No Faux Q Pizza

by zydecopaws on June 26, 2009

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The week of contemplation in the smoke begins with No Faux Q Pizza on the Weber Performer.  It qualifies under the No Faux Q rules as BBQ as it was cooked on a grill with charcoal and smoke wood (mesquite, in this case).  It wasn’t low and slow, but it also wasn’t grilled (in spite of the high heat).  There was no crockpot, oven, or even BBQ sauce in sight. The High Feaster would approve…

Tonight’s pizzas featured homemade whole wheat dough make by SWMBO.  At the request of one of my Twitter buddies, I offer up the following instructions in case you’d like to try this for yourself.  The recipe makes one focaccia loaf about 14″ round, or 2 pizzas of same size.  You spend a couple minutes assembling it early in the day (maybe before you run off to work) and a couple of minutes spreading it out when it’s time to cook in the evening.  No kneading necessary…

Ingredients:

  • 1 cup water
  • 1 tsp. yeast
  • 1 tsp. sugar
  • 1 tsp. coarse salt
  • 2 tbs. olive oil
  • 2 cups flour (we use whole wheat, you can use whatever you like)

Instructions:

Mix the first five ingredients thoroughly.  Then mix this in with the flour in a large bowl until you have a big, gooey mess.  Cover with plastic wrap and let the bowl sit on the counter for the rest of the day to rise.

Come time to cook, grab the bowl and 1/4 cup of flour. Sprinkle the flour around the edge of the gooey mess and using a spoon or spatula, pull the mess away from the edge of the bowl letting the flour drop down the sides.  Do this all the way around the bowl until you have a ball of gooey mess covered with flour.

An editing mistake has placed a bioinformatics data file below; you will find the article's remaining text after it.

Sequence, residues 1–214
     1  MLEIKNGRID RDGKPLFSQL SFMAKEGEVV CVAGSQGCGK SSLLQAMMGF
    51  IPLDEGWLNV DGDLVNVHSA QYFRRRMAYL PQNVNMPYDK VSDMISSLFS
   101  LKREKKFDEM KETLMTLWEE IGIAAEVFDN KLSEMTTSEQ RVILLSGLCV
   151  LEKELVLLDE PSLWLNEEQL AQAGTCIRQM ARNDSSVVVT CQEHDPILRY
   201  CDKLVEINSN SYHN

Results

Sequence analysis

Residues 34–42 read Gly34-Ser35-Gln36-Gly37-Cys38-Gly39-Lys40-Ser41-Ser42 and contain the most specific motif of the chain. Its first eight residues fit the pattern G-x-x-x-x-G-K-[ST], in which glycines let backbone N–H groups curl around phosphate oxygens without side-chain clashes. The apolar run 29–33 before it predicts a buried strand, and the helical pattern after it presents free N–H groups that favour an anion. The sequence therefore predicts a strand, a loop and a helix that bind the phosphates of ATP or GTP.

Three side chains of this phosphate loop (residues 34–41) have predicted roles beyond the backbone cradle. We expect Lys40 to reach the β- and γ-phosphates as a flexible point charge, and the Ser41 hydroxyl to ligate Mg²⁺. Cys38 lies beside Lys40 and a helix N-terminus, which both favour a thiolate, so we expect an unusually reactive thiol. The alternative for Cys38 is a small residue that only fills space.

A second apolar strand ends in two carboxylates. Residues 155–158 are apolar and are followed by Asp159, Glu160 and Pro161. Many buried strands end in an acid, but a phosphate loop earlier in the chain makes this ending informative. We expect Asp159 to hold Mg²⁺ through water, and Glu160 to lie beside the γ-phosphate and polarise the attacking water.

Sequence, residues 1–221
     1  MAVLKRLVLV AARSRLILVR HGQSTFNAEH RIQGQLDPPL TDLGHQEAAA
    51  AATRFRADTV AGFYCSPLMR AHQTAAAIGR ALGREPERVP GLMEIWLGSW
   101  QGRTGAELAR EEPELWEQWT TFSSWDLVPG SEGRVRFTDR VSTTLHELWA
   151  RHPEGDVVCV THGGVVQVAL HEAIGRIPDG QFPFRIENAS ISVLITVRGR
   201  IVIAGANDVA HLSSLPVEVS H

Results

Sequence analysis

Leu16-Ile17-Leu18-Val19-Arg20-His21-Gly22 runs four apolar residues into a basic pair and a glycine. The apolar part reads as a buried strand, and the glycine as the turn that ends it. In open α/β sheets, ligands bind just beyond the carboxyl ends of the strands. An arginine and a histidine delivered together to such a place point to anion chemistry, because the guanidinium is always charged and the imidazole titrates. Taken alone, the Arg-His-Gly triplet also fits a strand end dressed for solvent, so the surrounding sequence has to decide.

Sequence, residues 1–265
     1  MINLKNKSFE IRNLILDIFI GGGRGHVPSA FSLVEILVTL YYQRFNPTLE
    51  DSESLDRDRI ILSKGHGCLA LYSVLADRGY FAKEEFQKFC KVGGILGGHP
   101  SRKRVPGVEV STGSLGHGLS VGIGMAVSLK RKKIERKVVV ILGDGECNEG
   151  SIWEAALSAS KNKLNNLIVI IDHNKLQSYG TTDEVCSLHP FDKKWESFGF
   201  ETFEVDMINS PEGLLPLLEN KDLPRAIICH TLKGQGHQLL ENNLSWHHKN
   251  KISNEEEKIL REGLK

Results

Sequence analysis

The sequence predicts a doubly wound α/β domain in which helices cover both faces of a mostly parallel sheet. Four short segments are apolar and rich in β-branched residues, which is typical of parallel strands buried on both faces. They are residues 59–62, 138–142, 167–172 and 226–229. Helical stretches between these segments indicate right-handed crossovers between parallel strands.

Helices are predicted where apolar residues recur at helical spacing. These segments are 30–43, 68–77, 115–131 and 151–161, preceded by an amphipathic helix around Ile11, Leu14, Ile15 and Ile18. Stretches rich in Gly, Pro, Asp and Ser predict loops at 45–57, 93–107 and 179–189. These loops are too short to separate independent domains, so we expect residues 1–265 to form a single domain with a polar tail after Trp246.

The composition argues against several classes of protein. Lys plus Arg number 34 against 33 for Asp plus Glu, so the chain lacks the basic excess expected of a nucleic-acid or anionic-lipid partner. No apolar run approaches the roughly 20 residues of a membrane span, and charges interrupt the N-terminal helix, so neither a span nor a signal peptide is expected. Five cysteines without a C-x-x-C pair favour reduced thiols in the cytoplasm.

Grab a pizza pan, drizzle some olive oil on it and spread it around. Dump the gooey mess out onto the pan and push it around with your fingers. Make sure you leave “dimples” in the surface. Drizzle with some more oil, and sprinkle about  1 tsp. of coarse salt on top.  You can also add some dried or fresh herbs at this point; we like basil and oregano.  At this point you are ready to top with your favorite sauce (or not) and whatever toppings suit your fancy.

The pizzas came in two flavors, the first being topped with Canadian bacon and fresh pineapple and the second with mushrooms and olives (with onions and Anaheim peppers on half of both pizzas).  The sauce was homemade using a small can of tomato paste, half the can of red wine, two heaping tablespoons of minced garlic, a dash of olive oil, and a sprinkle of dried basil and oregano.

The pizzas were given the standard treatment on the Performer.  A pizza stone was placed on an inverted pie plate, allowed to heat up, and the pizza pans were placed on the stone.  The temps were a bit lower tonight than I would have preferred as I was using a new (to me) brand of mesquite lump that didn’t seem to burn as hot as charcoal briquettes alone, or with the previous batch of mesquite smoke wood that is no more to be found in the area.  The grills topped out about 450°F and each pizza took about 20 minutes to cook.  The crusts weren’t as crispy as the last batch, but my wife confessed she put too much water in the dough; that combined with the lower temps contributed to the longer cook time and less crispy crust.

The results were still pretty darn good.  They must have been; they disappeared in such a hurry that I wasn’t able to get a picture of them after they were sliced.  Not a bad start to my week of contemplation, and I still have plenty of coals left to use.  Up tomorrow: brisket.

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